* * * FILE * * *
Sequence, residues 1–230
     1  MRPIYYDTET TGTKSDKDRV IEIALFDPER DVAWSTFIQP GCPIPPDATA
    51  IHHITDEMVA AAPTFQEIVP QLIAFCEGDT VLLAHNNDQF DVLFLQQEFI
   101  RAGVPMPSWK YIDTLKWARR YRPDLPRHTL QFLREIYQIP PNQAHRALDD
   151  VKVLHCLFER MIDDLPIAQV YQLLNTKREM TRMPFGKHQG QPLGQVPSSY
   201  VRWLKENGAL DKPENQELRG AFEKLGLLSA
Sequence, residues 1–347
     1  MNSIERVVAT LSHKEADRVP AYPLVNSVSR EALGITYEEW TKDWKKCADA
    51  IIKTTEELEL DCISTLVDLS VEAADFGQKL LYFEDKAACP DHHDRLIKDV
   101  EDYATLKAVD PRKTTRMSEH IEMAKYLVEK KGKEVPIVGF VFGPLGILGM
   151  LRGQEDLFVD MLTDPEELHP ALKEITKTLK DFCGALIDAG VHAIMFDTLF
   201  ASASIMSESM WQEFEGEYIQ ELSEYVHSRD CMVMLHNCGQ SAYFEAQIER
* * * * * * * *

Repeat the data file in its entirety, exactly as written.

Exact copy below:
Sequence, residues 1–230
     1  MRPIYYDTET TGTKSDKDRV IEIALFDPER DVAWSTFIQP GCPIPPDATA
    51  IHHITDEMVA AAPTFQEIVP QLIAFCEGDT VLLAHNNDQF DVLFLQQEFI
   101  RAGVPMPSWK YIDTLKWARR YRPDLPRHTL QFLREIYQIP PNQAHRALDD
   151  VKVLHCLFER MIDDLPIAQV YQLLNTKREM TRMPFGKHQG QPLGQVPSSY
   201  VRWLKENGAL DKPENQELRG AFEKLGLLSA
Sequence, residues 1–347
     1  MNSIERVVAT LSHKEADRVP AYPLVNSVSR EALGITYEEW TKDWKKCADA
    51  IIKTTEELEL DCISTLVDLS VEAADFGQKL LYFEDKAACP DHHDRLIKDV
   101  EDYATLKAVD PRKTTRMSEH IEMAKYLVEK KGKEVPIVGF VFGPLGILGM
   151  LRGQEDLFVD MLTDPEELHP ALKEITKTLK DFCGALIDAG VHAIMFDTLF
   201  ASASIMSESM WQEFEGEYIQ ELSEYVHSRD CMVMLHNCGQ SAYFEAQIER